While accounting for those tasks, plan time for quarterly reviews to monitor how you are achieving your goals. Readjust your plans accordingly to keep you on track – or set new goals if you are ahead of schedule.
Even if you find yourself not meeting the expectations you’ve set for yourself, this allows you to reassess and reset any goal or plan for the year ahead.
6. Set time for yourself
Plan and book your holidays in advance. If you think you want to go away in April, put your request in now. No more “but I don’t know what the world will look like then” type excuses.
Don’t be the person who brags about how many vacation days they have accrued because they haven’t taken a day off for 15 years.
The stress and burnout of continuously working aren’t good for you personally, nor do they increase your work productivity. Only by putting vacation into your plan for the year ahead can you ensure it becomes a priority.
If it helps, pencil it in. You can always move your plans. You just can’t cancel them. You have a vacation for a reason – use it!
7. Work on a side project
Explore your passions by working on a side project. Side projects help you learn new techniques and skills that you may otherwise never learn in your daily job, and can benefit your career.
They encourage creativity, self-development, confidence and training – all skills not often developed in a traditional work environment.
Don’t dismiss your side project as that thing you do when you have some downtime. You will need to set aside and invest the time and energy into making it work. Be patient with yourself. Get excited about all the things you are learning.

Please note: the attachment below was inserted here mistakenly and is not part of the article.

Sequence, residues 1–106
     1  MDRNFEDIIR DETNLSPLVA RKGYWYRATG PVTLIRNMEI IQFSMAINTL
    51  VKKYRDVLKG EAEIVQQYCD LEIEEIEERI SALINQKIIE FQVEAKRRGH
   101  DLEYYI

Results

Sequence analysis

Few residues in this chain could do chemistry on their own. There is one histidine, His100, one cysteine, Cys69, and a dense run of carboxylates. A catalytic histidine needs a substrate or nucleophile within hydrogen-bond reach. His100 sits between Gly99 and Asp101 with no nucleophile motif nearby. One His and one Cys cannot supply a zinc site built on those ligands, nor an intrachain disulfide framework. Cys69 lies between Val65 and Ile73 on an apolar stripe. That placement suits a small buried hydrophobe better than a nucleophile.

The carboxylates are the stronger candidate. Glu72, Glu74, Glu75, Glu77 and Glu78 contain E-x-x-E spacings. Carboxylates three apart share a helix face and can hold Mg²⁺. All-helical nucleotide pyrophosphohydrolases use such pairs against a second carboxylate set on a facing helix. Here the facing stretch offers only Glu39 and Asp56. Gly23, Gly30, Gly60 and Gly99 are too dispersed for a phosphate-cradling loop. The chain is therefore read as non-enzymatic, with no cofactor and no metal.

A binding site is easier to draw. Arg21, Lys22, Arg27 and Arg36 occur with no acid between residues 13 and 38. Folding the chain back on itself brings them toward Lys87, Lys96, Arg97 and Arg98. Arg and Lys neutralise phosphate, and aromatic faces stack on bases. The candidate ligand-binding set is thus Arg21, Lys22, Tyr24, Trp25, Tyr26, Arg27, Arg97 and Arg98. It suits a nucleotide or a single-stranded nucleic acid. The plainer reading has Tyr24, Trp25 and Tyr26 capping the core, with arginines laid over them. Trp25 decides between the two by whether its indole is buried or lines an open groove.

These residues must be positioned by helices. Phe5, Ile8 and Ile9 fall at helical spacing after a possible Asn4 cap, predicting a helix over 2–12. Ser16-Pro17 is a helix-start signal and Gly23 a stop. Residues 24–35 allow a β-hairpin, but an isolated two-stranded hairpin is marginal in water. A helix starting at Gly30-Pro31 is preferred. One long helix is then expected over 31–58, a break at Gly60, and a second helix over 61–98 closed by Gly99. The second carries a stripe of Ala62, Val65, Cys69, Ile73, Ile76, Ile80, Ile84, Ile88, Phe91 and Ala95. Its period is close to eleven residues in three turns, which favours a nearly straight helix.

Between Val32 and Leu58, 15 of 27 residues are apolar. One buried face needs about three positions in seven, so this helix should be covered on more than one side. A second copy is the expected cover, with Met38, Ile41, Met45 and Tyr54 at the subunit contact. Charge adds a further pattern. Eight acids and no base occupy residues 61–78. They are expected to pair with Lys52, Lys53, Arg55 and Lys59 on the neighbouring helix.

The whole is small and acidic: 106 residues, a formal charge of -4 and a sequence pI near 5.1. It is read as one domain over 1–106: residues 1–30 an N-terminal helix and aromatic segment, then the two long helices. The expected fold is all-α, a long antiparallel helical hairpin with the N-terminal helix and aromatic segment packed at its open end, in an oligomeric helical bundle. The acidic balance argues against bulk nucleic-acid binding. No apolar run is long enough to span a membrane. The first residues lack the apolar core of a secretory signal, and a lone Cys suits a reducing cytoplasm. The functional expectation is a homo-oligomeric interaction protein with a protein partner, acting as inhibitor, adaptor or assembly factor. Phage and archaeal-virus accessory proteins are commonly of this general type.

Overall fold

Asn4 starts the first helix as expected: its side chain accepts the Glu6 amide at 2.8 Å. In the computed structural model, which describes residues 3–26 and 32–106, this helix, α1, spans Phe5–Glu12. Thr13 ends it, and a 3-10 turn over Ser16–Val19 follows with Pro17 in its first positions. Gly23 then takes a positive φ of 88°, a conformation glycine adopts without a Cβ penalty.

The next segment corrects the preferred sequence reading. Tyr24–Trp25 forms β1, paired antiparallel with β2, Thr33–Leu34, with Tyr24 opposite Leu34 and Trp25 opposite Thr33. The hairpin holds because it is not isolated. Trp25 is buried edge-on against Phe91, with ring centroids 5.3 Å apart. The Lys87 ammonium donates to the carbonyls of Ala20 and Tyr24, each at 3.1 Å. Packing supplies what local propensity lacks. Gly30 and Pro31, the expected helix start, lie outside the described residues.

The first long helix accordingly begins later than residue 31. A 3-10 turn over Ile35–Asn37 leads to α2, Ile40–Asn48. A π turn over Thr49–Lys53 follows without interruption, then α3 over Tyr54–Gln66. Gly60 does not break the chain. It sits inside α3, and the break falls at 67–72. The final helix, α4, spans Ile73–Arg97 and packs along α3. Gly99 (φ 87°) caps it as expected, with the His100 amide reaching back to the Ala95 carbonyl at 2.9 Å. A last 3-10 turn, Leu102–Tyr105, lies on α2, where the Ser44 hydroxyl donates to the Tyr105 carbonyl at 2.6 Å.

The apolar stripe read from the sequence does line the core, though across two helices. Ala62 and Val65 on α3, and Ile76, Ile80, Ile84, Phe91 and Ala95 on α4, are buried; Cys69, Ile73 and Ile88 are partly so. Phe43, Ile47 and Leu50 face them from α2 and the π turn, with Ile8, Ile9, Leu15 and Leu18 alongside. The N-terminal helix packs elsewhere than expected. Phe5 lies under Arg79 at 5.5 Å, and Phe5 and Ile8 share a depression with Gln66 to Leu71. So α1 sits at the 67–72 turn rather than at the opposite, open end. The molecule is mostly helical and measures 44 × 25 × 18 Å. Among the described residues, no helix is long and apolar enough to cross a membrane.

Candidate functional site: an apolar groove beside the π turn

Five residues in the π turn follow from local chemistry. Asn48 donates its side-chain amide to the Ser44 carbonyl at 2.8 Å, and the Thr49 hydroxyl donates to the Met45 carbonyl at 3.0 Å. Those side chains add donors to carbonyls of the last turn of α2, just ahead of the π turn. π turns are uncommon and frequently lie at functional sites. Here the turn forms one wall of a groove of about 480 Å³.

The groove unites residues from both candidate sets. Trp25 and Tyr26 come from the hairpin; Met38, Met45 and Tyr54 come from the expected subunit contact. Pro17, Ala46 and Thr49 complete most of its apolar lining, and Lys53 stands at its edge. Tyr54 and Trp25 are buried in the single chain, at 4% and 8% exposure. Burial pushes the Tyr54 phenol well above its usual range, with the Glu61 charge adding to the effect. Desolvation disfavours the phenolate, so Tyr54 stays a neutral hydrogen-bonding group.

Your side project shouldn’t always be optimised for efficiency and output. Not everything meaningful can be measured. Your plan for the year ahead should include things that you do for sheer enjoyment.
8. Commit to celebrating the wins, no matter how small
No matter how much you plan for the year ahead, it is sure to have surprises and diversions. That is why it is so important that when you reach a goal, no matter how small, you take the time to congratulate yourself.
Celebrate every win. Every step is an achievement that will help you reach your goals for the year.
Life happens. Things may not work out exactly as planned, and you may find yourself getting overloaded. Leave gaps of time within your schedule throughout the year so that you have a buffer to step back and assess any situation that arises.
Reschedule all your hour-long meetings to 45 minutes — no more back-to-back scheduling. Set reminders in your calendar to stop work on time, work out, and take breaks. Give yourself space to decompress.
If you are everything for everyone, you’ll have no time to be the best version of you.
10. Adjust your attitude
Remind yourself every day that your attitude determines everything. Life isn’t all roses, and things will happen that aren’t pleasant.
But how you choose to allow those things to affect your attitude will change how you approach every task and person you meet. The most important decision you can make is to be positive, hopeful, and open every day.
Remind yourself that while you cannot control the outcome of your year, you can control how you react.
Having goals and a plan for the year ahead will help you decide which direction to go when you need to make any changes – because you’ll already know where you want to end up.
11. Allow for flexibility
A plan for the year ahead is only as good as your ability to understand that things happen outside of your control. It’s about patience, consistency, and flexing your plan when you need to.
Get your team involved where you can, especially when you need to decide on change. Your combined thinking can produce ideas you would never have imagined on your own.
Here’s to a safe, planned new year!
Make plans for your future
At this time of year, we often think about career goals and start making plans to grow.
If your growth plans involve technical staff, contract workers or permanent hires, we would love to help move your business forward.